Q. What other types of work do you do?
A. Houseworks Daylighting Solutions specializes in skylights, Sun Tunnels®, and solar-powered fans. All of our work starts and ends on a roof. We are proud to be the largest and oldest VELUX Five Star installation company in Illinois and Iowa. In fact, no other firm sells and installs more skylights and solar fans than Houseworks.
Q. What is the cost to replace a failed skylight?
A. Generally, it costs between $900 to $1,700 to replace a failed skylight. This price includes the new skylight as well as the flashing kit, underlayment, shingles, and repairing or re-trimming the interior light shaft. Sometimes a broken skylight or plastic (acrylic) bubble on a perfectly good curb can be replaced for under $700. Remember that a leak around the skylight may not be the fault of the skylight. That’s because the skylight is often the most convenient place for water from a roof leak or chimney flashing to become visible inside the house.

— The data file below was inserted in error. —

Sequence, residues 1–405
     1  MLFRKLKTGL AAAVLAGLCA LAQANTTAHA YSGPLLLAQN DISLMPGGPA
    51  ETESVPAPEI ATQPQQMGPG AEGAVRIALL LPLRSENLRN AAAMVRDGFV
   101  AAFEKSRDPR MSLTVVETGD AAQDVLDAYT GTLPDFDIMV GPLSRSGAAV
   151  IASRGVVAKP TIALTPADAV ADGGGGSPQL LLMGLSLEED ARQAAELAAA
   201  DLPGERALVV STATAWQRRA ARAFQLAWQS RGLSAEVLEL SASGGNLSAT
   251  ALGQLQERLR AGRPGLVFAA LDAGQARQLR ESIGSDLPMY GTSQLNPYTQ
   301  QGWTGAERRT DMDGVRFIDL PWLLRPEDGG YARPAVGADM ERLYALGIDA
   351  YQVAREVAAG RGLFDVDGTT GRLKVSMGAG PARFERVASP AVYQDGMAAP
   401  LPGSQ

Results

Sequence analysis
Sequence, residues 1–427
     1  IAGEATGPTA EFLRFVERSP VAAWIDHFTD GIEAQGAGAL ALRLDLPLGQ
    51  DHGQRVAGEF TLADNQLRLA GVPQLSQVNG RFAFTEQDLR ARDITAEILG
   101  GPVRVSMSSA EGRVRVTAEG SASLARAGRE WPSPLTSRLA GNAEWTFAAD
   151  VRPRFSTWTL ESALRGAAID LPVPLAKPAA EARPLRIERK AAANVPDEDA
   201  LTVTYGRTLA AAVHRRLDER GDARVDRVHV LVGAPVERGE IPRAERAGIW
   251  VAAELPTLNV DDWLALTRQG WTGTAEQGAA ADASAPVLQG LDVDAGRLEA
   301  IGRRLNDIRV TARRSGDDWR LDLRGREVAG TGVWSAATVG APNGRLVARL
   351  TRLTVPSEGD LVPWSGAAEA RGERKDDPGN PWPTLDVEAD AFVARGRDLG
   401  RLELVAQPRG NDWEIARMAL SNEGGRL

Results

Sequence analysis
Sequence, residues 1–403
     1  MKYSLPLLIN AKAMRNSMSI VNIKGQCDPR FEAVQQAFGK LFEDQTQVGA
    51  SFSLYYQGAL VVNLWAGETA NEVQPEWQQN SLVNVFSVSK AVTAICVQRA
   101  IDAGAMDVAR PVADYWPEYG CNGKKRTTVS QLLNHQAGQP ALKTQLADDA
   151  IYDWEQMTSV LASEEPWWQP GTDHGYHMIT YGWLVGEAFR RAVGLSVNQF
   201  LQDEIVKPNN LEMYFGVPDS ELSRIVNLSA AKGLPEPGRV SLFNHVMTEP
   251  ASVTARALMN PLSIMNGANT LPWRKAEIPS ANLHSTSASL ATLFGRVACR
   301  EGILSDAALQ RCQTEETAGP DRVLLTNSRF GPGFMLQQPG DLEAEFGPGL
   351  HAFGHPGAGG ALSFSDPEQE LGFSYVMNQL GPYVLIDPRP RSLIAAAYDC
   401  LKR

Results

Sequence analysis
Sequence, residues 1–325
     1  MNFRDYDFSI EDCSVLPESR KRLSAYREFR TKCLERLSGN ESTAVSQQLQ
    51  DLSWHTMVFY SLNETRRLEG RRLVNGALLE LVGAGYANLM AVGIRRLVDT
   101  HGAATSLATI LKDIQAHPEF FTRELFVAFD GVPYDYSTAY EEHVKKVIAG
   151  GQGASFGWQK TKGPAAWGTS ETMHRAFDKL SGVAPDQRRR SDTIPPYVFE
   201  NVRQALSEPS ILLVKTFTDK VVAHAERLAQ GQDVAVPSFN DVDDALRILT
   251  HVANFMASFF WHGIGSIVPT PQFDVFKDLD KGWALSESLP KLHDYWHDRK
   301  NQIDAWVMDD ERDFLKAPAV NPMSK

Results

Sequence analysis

Q. What is so special about a Solar-Powered Skylight?
A. Even though VELUX is the industry leader in skylights, they continue to create cutting-edge products like the new solar-powered “Fresh Air” skylight. This solar skylight requires no household current as it gets all the energy it needs to open and close from the sun. The “smart batteries” limit the skylight so it will only open when there is sufficient charge to close it. And it closes automatically in the event of bad weather or if the battery charge reaches its low tolerance. But the best feature may be the 26% Federal Tax Credit which applies to the price of the skylight and the labor cost associated with installing it. That means that the price of a solar-powered venting skylight could rival the cost of a fixed unit net after the tax credit.